Friday, January 31, 2014

Bicycling New Zealand: part 3 - John Cleese, eat your heart out...


We've made it nearly 700k to Wellington, our final destination in New Zealand. We had 2 options to get across the mountains to the West Coast, and we decided on a route that took us through the inland college town of Palmerston North. We've read that John Cleese famously said "if you wish to kill yourself but lack the courage, I think a visit to Palmerston North will do the trick." In response, PN named the town dump after him. Most people in NZ raised an eyebrow when we confessed our route, saying "Palmy! Don't go there, it's so boring!" Well, we stuck to our guns (we feared the Rimutakas! ) and you know what? Our best cycling was that week! We took back roads through Waipawa, cycled through a 6.3 earthquake, hit Dannevirk, then had a massive 80+k day into Palmy. Headwinds so strong, we couldn't stay on the bikes even on flat terrain. I'm not sure how we made it so far, creaking along the downhills at a meager 8k/hr, but we did it! After all the beautiful farmland, sheep, horses, cattle, bluffs, and the Manawatu Gorge, we collapsed at a friend's house...and a town never felt so good as Palmy did. A sparkling river, well-marked cycle trails, and gorgeous citrus trees greeted us. Eat your heart out John Cleese! We loved it. And we learned to trust our instincts. People get stuck in their ways you know? It felt like an old joke to poke fun at Palmy, but people really start to believe it. Then they don't know what they're missing.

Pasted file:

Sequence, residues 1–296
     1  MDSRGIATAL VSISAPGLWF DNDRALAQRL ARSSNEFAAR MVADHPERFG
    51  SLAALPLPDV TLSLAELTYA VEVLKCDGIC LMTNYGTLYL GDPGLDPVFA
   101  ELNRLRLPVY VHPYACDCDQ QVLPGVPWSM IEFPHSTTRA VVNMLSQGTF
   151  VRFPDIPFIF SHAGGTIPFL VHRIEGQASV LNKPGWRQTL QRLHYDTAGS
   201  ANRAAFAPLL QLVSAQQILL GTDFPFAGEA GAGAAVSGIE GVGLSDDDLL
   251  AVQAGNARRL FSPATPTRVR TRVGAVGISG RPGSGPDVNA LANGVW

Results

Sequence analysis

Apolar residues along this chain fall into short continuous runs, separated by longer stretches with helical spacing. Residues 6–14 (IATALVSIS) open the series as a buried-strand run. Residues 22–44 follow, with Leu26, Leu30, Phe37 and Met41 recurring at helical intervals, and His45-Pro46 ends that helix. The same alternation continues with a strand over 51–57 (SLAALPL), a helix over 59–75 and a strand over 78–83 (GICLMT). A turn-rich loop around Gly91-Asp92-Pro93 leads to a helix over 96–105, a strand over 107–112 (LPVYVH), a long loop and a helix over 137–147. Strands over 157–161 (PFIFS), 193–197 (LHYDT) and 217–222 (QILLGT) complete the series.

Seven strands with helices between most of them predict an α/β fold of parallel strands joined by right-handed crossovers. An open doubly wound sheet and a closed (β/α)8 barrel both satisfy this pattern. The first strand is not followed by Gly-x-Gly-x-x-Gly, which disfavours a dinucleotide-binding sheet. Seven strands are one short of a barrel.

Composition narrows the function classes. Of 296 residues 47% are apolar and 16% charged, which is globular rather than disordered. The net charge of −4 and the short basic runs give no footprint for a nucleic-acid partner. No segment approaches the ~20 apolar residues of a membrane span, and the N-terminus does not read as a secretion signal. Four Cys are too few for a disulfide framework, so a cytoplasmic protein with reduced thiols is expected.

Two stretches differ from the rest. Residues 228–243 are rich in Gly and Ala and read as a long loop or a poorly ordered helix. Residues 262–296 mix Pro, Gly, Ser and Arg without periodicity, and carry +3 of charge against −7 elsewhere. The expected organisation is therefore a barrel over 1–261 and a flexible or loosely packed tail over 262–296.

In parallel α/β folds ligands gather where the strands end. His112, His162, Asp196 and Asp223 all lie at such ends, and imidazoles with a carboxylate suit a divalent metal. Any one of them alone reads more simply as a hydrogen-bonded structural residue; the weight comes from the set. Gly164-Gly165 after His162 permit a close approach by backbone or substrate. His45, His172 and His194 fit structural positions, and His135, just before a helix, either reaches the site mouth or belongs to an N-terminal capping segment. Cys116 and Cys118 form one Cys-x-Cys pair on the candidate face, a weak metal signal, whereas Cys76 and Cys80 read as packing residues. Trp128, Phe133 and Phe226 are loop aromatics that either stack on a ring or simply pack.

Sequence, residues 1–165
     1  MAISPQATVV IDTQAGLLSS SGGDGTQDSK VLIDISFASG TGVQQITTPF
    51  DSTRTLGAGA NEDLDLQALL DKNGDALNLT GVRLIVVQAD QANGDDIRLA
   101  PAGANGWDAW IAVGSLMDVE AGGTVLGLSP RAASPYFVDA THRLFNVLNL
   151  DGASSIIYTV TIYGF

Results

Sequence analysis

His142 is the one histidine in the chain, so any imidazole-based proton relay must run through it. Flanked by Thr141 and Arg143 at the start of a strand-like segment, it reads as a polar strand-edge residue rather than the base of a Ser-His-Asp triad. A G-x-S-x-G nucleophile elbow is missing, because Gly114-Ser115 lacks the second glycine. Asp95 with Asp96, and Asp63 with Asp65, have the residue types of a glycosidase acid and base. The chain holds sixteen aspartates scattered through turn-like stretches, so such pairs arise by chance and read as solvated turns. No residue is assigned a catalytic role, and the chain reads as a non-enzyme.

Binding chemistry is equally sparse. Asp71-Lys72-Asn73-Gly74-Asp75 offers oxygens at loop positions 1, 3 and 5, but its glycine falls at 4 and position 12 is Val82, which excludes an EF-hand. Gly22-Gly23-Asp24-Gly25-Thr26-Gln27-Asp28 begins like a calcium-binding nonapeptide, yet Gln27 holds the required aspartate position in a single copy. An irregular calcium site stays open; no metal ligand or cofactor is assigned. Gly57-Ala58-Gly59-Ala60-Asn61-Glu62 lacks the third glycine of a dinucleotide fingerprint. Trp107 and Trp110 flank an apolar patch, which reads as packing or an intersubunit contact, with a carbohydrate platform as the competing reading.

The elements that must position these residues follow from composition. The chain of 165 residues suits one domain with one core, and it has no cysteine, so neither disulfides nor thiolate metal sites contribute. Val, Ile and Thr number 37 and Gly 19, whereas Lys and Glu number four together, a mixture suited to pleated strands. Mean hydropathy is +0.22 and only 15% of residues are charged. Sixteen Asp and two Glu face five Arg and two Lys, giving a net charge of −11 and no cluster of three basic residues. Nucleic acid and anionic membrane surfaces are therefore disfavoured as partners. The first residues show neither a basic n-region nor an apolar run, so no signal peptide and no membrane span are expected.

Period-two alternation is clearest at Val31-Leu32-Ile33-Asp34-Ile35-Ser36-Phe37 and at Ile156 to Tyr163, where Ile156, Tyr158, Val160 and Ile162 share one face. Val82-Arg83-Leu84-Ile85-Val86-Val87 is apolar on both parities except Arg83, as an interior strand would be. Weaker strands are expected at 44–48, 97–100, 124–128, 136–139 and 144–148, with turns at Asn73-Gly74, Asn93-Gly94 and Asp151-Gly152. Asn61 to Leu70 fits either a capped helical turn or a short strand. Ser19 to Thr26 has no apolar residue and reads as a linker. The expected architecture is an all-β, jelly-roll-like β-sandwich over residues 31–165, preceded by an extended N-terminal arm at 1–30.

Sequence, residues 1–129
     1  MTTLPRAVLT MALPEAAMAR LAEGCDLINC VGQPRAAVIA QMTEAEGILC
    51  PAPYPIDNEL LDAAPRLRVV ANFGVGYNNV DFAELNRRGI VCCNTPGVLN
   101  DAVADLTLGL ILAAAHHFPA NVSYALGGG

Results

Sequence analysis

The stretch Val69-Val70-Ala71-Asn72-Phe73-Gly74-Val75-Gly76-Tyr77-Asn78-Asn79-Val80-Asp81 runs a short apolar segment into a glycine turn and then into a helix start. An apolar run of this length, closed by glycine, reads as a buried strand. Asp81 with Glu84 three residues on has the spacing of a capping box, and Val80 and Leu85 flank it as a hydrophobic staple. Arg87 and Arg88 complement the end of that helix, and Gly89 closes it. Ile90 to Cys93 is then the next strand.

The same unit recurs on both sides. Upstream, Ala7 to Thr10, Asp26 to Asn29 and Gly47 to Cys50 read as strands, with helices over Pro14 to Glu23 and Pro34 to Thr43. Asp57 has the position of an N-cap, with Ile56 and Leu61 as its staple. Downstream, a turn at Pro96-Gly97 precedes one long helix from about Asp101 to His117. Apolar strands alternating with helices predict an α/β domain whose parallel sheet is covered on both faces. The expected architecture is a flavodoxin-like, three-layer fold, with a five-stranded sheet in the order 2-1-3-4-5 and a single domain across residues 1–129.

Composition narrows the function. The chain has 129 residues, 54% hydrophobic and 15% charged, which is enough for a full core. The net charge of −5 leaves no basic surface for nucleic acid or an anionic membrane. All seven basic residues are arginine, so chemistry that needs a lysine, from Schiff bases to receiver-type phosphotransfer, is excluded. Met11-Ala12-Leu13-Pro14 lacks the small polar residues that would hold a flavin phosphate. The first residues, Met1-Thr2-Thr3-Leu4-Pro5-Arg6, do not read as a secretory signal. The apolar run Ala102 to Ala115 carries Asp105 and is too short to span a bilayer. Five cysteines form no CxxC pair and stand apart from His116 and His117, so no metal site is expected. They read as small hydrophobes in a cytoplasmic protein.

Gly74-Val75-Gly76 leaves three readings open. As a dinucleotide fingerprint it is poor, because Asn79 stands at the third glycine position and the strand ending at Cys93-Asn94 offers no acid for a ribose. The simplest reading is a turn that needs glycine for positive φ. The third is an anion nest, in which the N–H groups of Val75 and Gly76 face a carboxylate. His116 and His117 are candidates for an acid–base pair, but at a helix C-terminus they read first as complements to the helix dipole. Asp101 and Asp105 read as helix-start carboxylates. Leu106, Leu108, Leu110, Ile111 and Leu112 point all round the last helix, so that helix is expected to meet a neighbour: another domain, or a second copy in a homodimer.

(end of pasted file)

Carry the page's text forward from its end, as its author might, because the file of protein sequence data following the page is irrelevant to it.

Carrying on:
Prior to that, we had a phenomenal time in Napier. Enjoyed a 3 1/2 hour winery gig where we pulled out a bunch of old tunes. Those "jukebox" gigs as we call them can be pretty fun. We both take risks that we wouldn't normally do at a proper listening show. I took a few meandering solos, trying to make Aimee laugh. It's a good time, cutting loose during a show. I've got to work harder and become a better player, so it will be easier to go off the rails and make for a more exciting performance. Listening to someone playing it safe is so boring, but I notice myself falling into that pattern often. I'll always prefer watching a player go for something great, even if they miss the mark. We had a lovely sold out house show in Napier that was less risky, but a far more emotional performance with such an attentive audience. I love how the show changes from night to night, keeps it interesting for both of us.